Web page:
An attempt at automated interventions (based on completion rates and scores) was unsuccessful, mostly because the notifications became repetitive and had a high rate of false positives (procrastinating students aren't necessarily just the ones who are slated to fail the course). More successful interventions resulted from personalized e-mails to struggling students with follow-up, paired with bonus points for completing activities 24 hours earlier than the official deadline. Because of ASU's high acceptance rate, we have a large population of students who do not have good study habits and never learned them. This incentive structure allows us to teach both content and good study strategies. The next step is to build a system that automatically generates these warnings and makes it easy for an instructor to reach out to the struggling students.

Public Policy and Geoscience
More science knowledge does not necessarily result in better policy-making, especially when politically motivated reasoning comes into play. Many scientists have responded to poor public policy related to science issues with more outreach, but often framed around the approach of better informing the public of the "facts". I think we can be more effective in our science outreach and improve its impact on public discourse by integrating it into non-science human endeavors as scene-setting background. As an example, I have worked to integrate a geology- and climate-accurate digital world map into a political ideology and diplomacy course. Rather than making the consensus science front-and-center in the energy policy and climate change diplomacy scenario, the science is treated as a background element and simplified so that the students interact with it as a problem-solving tool, rather than as an end onto itself.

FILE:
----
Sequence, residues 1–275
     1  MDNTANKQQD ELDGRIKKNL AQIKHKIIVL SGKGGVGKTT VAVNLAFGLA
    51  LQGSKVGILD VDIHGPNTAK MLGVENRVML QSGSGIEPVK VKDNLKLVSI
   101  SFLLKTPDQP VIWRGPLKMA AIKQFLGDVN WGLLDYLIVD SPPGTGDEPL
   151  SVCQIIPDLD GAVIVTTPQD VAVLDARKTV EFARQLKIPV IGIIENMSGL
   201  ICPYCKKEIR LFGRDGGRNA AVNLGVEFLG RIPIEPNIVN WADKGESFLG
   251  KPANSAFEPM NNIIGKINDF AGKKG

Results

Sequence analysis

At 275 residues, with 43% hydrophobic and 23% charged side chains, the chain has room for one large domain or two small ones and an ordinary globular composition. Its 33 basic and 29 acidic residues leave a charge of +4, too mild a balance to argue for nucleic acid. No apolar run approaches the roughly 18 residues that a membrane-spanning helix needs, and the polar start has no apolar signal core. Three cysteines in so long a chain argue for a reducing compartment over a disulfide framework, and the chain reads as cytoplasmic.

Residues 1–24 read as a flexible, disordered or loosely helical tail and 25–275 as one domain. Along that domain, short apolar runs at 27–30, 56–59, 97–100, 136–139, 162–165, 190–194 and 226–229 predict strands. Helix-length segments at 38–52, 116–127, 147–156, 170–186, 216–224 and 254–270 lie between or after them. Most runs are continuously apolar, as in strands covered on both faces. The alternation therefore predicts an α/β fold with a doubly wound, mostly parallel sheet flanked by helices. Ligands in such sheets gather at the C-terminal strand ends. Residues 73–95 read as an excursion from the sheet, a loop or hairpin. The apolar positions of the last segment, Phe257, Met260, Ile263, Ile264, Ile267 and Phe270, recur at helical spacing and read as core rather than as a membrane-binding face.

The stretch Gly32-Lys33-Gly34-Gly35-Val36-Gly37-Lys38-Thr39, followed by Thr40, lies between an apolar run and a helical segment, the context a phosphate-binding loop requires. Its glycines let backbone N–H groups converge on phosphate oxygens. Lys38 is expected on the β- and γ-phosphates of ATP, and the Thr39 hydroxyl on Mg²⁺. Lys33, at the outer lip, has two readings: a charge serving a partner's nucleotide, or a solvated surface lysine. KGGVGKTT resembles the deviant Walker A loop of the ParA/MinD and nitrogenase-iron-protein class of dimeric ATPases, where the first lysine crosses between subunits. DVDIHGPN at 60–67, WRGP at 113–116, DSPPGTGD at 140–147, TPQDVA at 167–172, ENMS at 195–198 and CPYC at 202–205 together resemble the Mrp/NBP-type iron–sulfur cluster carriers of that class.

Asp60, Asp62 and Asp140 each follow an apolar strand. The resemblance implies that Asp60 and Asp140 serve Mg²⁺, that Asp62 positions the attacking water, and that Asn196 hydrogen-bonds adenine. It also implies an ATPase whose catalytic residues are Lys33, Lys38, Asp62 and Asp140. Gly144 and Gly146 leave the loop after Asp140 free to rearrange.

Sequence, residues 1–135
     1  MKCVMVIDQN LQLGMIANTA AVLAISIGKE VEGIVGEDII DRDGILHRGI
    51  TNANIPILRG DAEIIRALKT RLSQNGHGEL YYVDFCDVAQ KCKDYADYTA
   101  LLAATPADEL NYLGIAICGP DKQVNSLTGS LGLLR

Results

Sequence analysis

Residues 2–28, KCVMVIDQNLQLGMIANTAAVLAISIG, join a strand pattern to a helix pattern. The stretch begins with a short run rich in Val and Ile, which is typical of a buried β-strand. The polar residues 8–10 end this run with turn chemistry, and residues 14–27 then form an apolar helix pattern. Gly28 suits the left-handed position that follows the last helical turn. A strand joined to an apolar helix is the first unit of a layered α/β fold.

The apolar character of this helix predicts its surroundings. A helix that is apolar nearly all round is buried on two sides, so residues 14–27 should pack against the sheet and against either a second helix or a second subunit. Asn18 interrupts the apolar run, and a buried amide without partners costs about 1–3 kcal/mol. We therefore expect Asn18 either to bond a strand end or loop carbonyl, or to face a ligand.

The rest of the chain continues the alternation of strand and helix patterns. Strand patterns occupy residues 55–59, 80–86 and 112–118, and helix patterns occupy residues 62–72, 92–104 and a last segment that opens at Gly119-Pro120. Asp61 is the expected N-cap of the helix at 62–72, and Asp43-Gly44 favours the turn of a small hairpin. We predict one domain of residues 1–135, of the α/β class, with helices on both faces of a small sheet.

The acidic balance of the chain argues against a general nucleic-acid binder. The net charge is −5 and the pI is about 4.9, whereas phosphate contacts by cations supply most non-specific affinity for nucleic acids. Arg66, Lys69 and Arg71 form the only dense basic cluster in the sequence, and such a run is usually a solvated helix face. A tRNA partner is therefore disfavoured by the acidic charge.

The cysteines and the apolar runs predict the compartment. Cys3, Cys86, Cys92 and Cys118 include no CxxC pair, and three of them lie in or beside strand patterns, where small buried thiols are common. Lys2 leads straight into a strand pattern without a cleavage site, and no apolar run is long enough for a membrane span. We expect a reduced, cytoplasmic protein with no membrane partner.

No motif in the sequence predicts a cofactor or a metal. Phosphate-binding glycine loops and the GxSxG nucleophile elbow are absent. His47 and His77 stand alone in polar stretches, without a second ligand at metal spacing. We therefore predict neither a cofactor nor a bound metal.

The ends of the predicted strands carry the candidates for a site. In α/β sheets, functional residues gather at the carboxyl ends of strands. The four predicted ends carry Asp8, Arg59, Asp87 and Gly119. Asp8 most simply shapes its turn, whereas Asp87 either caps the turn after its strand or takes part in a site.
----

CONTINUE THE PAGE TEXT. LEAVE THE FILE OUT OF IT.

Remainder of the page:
The scenario gives a very cursory overview of the major impacts of climate change (sea level rise, karstification of terrain, salinization of groundwater supplies, shifting weather patterns), but realizes it in pretty stark terms as students explore what their countries will look like under low-, moderate-, and high-warming scenarios. Yet despite the lack of scientific details, students are better able to explain the impacts of climate change on their society on their families after completing the activity. In addition, students made more data-driven decisions when negotiating, resulting in more specific treaties and action items as opposed to previous semesters when the effects of climate change were more nebulous. The next step is to build a digital world that automatically responds to student choices and country policies (currently, the instructors manually program the impacts based on climate models) and expand the "science as background" approach to a variety of environmental challenges that can be explored in this form (plastic waste, deforestation, marine resources, national park policy).

Place-Based Science Storytelling
For many people, place plays a key role in understanding concepts. Yet too often in science, concepts are stripped away from their places and taught as isolated modules of knowledge. I am exploring how to build climate change concepts into virtual field trip settings to understand whether or not they are more effective for teaching science, and if places speak across cultures. The project is currently in development.